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Thursday, April 19, 2007

No Managed Code Custom Actions For You!

Rob Mensching just posted a blog giving insite into why the Windows Instalelr team doesn't support managed code custom actions. It's a really good read to get a view of their inside thinking, but I have to admit I completly disagree with them. Microsoft ( or Macrovision for that matter ) doesn't write my pay checks but I'm still going to give some free advice here....

Regarding the strategic direction, I completely agree with that built-in Windows Installer stories should be updated to eliminate the need for custom actions.

Unfortunately I've lost confidence that the Windows Installer team will get this job done. The last generally available release of MSI isn't available down-level and only adds stories related to Vista UAC/RM functionality. Cool stuff, but not the additional standard action patterns that many people have been begging for over the last several years. The release before that seemed to focus mainly on patching. Even if the Windows Installer team was to pull a rabbit out of the hat and support these stories, I doubt they would port it down-level to a 3.x branch.

Please, tell me I'm wrong with that assessment. Please tell me that Bill G is going to throw so money at that team and we are going to get the framework improvements we have all been begging for.

Until that day comes, Custom Actions aren't only tactical; they are strategic because there is no other viable solution. You raise some interesting points about AppDomains and the CLR and yet I've seen InstallShield address these issues with their CoCreateObjectDotNet() pattern. I've also done some work on my own with .NET 2.0 IPC remoting and I've found it to be a very reliable way of hosting custom actions out of process and yet still giving them the ability to communicate with MSI.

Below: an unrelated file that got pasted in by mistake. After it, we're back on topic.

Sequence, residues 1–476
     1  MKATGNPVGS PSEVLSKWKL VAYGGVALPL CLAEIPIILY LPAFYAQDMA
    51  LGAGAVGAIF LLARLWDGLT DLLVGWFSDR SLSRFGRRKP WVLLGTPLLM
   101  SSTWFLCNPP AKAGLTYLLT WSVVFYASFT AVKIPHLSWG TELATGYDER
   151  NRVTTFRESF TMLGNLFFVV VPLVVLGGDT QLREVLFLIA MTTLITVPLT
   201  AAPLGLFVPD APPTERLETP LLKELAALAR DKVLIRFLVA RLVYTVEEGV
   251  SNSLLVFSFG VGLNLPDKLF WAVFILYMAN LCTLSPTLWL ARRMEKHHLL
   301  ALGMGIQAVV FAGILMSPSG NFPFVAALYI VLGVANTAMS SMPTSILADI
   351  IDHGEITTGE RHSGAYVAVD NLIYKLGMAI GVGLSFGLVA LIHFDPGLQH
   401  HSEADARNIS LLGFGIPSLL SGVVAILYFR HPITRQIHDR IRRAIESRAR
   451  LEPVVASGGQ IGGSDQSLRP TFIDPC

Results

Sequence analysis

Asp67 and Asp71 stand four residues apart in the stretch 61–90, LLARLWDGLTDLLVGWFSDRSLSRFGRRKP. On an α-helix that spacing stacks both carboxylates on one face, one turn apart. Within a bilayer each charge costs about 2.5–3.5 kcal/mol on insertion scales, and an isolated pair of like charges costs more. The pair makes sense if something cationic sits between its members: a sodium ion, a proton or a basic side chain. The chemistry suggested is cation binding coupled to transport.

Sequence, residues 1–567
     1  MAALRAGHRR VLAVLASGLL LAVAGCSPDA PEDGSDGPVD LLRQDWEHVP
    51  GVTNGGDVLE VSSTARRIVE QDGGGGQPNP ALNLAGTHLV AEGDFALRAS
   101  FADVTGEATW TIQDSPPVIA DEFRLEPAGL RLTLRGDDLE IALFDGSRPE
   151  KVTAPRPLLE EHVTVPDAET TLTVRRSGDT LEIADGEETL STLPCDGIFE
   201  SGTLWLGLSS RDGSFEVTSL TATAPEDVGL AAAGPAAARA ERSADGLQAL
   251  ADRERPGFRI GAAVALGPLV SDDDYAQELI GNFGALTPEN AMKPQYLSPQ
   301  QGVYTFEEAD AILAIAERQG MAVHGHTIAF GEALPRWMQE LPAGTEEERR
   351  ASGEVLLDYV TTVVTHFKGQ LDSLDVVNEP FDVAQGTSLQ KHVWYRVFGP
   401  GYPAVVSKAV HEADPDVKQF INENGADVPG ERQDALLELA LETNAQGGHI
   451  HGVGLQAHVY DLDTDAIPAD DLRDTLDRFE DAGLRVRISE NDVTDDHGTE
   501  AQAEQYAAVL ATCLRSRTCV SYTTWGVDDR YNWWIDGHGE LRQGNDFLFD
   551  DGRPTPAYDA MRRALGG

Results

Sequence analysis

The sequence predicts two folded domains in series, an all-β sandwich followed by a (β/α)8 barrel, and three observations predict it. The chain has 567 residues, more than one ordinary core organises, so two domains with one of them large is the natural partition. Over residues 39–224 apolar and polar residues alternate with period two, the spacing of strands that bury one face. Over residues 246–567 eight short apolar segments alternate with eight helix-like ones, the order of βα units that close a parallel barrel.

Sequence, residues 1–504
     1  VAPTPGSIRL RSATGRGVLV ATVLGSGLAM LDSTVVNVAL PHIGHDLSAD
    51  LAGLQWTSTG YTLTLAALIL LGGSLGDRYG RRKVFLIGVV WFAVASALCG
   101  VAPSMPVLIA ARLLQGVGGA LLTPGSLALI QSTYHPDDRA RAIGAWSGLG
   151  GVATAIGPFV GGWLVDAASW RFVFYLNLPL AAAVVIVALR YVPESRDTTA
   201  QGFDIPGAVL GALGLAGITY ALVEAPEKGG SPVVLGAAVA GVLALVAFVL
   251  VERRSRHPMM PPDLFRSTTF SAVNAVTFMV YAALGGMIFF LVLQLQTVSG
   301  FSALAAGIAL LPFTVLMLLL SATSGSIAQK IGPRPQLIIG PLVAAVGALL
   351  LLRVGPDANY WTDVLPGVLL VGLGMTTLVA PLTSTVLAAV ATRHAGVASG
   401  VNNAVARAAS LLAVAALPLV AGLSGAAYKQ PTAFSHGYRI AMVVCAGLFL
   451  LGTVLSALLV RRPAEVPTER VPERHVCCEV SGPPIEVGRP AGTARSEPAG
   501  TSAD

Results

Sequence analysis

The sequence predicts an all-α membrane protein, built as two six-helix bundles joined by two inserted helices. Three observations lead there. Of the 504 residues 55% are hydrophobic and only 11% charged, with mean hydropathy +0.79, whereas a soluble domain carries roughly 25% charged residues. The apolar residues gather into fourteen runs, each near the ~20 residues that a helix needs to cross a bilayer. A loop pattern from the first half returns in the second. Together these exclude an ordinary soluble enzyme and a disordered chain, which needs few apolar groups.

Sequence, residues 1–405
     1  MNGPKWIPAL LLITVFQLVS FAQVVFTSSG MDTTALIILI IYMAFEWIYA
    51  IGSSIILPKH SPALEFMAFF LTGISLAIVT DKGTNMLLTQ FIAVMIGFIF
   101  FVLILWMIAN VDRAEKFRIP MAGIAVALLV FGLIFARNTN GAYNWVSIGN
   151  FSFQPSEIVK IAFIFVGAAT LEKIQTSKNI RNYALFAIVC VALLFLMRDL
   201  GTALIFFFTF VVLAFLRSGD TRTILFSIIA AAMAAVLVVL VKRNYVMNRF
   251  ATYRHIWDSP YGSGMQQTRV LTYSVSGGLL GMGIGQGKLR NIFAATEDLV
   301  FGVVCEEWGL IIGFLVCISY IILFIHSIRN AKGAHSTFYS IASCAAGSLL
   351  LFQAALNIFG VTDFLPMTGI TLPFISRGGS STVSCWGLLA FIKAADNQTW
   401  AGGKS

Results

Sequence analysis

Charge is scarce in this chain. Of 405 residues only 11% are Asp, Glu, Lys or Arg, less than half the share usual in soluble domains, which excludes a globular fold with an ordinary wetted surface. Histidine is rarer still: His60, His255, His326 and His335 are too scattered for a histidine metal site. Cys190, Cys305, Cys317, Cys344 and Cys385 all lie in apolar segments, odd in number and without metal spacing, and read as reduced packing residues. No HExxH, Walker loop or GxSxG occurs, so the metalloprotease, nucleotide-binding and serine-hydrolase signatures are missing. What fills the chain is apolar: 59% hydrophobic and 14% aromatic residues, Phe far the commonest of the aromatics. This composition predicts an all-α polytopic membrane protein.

For the rest of Microsoft, managed code is clearly marketed as the future of software development. Windows Installer should adopt this strategic initiative and simply overcome the technical hurdles. This way we can have really good custom action patterns to play with until the day comes that MSI natively supports the patterns that we are writing custom actions for. Then we can gladly dump our CA's and refactor using the built-in standard actions.

1 comment:

  1. At the risk of being called snarky, a former coworker of mine inspired me over lunch today...

    In other news, Microsoft announced today that future versions of MS-DOS will never support more then 640K of conventional memory. The tactical reason given was that protected mode memory remapping was too unreliable and difficult to do correctly. Besides, developers will never need more then 640K of memory.`